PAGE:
In “The Kübler-Ross Politics of 2017,” Amy Walter of the nonpartisan Cook Political Report sums up where both political parties stand now. Here’s a sample:
The shift in mood among Democrats over the last year has been as dramatic. It’s been a bit like watching someone work through the Kubler-Ross stages of grief. Democrats spent much of December of 2016 in a state of disbelief: Did that really happen? How did that happen? By early 2017 they had moved on to anger: Hillary ran a terrible campaign; Democrats had no message; the Obama coalition is unsustainable. By spring there was bargaining: We must not focus our attacks on Trump or his voters. We have to make peace with the white working class electorate who is anxious and angry and desperate for real change. Democratic leaders in Washington tamped down talk of impeachment and focused instead on “A Better Deal.”
Today, however, that reticence is gone. Democratic senators are openly calling for the President to resign over allegations of sexual harassment. Not one red state Democrat supported the GOP tax bill. The fear of Trump and his legions of establishment-hating voters has receded. Democrats are now living off the adrenaline and energy that comes with an awakening of their own base; a base that was disillusioned and dispirited in 2016. Anger is the most powerful GOTV force there is.
6 in 10
A Morning Consult/Politico poll found six in 10 Democrats said their party is “about right” when they were also asked if they thought it was too liberal or conservative. Among Republicans, half said it was “about right.”
Of Republicans say they are very or somewhat optimistic about the future of the Republican Party, according to Pew Research. “In early November, on the eve of the election, 61% of Republicans expressed optimism about their party’s future. … Democrats’ optimism about their party’s future has declined by a comparable margin over the same period – though a majority (61%) continues to be optimistic. Before the election, 77% of Democrats were optimistic about the party’s future, which is almost identical to the share of Republicans who are upbeat about their party’s now.”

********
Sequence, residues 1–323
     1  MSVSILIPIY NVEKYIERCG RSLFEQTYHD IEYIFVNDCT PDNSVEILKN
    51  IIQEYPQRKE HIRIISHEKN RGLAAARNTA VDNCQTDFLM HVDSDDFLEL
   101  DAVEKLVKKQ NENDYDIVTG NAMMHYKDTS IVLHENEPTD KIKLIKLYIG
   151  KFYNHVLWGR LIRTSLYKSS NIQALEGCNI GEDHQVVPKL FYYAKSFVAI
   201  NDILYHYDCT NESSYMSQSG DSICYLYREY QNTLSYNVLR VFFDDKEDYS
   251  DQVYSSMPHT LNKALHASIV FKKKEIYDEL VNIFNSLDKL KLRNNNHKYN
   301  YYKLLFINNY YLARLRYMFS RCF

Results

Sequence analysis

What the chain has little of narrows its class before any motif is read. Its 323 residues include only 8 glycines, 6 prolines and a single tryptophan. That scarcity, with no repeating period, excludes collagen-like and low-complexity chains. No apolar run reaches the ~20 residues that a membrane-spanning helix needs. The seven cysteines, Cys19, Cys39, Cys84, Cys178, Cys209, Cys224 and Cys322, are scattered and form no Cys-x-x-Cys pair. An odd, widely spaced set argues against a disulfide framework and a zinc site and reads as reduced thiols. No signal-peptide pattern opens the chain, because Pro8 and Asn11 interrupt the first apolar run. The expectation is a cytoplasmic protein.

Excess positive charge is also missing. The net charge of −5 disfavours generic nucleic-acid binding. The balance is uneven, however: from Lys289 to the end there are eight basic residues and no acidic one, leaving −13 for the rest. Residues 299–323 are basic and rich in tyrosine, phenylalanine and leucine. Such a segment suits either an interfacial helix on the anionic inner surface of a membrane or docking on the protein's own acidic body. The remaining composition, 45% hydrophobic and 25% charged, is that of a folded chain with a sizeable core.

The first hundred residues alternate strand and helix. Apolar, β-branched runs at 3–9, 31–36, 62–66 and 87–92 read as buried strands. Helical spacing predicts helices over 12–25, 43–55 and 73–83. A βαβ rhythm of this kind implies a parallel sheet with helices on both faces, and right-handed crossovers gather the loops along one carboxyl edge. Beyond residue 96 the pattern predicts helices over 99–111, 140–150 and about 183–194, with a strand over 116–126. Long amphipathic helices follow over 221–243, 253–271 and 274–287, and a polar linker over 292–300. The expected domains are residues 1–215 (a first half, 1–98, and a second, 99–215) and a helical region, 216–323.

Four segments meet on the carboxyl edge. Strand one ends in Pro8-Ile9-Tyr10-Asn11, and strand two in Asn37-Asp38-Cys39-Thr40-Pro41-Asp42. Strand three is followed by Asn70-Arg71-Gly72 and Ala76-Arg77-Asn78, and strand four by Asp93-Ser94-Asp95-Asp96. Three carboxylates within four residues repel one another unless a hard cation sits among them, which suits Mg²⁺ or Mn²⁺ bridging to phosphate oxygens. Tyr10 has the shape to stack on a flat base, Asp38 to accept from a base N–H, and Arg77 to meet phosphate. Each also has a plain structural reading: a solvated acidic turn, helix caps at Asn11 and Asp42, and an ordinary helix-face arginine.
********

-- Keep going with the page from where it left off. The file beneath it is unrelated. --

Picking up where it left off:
5 to 1
Number of paid Democratic staffers versus the number of Republicans, according to an NBC News analysis of Federal Election Commission filings. “At the end of August, the most recent date for which data is available, Democrats employed at least 4,200 people working to elect Hillary Clinton, with about 800 at the Clinton campaign, 400 at the Democratic National Committee, and nearly 3,000 on the payrolls of state parties in 13 battleground states, which typically employ a majority of field organizers. … Republicans, meanwhile, employed about 880 people during the same period, with about 130 at the Donald Trump campaign, another 270 at the Republican National Committee, and roughly 480 at the 13 state parties.”
Listen to the early sounds of the 2016 presidential campaign, in which candidates of the left and the right sound almost identical populist, anti-Wall Street, antiestablishment themes, and the idea doesn’t seem so crazy. When you have Republican presidential contenders opposing free-trade agreements, and at least one backing an increase in the minimum wage; when Democratic firebrand Bernie Sanders (technically an independent to begin with) is speaking to overflow crowds; and when left and right come together to halt a prominent national-security program backed by the foreign-policy establishment—well, something is going on.
— Gerald Seib, in the Wall Street Journal (login required).
I’ve made my decision — I’m out. I’m out of the Republican Party. I am not a Republican. I will not give a dime to the Republican Party. I’m out.
— Conservative talk radio host Glenn Beck, quoted by The Hill.
In the game of expectations, it’s typical for parties to remain cautiously optimistic before a major election even when everything looks to be going their way. Republicans, however, are nearly gloating.
The Republican Party brand sucks and so people don’t want to be a Republican.
— Sen. Rand Paul (R-KY), quoted by CNN.
With the midterm elections less than a month away, polling suggests that voters will give the Republican Party majorities in both houses of Congress for the first time since 2006, when they booted GOP out of power after its disastrous six year run as George W. Bush’s “Rubberstamp Congress.”
FiveThirtyEight gives Republicans a 60 percent chance of taking the Senate, and, largely because of Republican gerrymandering in 2011, there is little chance Democrats will take back the House. To keep their majority in the Senate, Democrats need to hold and/or win six seats, including five current seats in red and purple states — Alaska, Arkansas, Louisiana, North Carolina and New Hampshire — and one blue state that looks wobbly, Colorado. They are likely to hold the open seat in Michigan, the race for the open seat in Georgia is considered winnable, and — if they’re having a good night — upsets are possible in Kansas and South Dakota.
How likely is that Democrats will have a good night on Nov. 4? An NBC poll this week found that likely voters favor a Republican-led Congress by two points, 46/44 percent, while the larger cohort of registered voters prefer to put Dems in charge by the same margin, 46/42 percent. The preference for Democratic-control by registered voters ought to be encouraging — the Dems have put time and money into getting out the vote in critical states — but NBC also found that while 59 percent of Republicans say they’re engaged in the election, just 47 percent of Democrats are paying attention.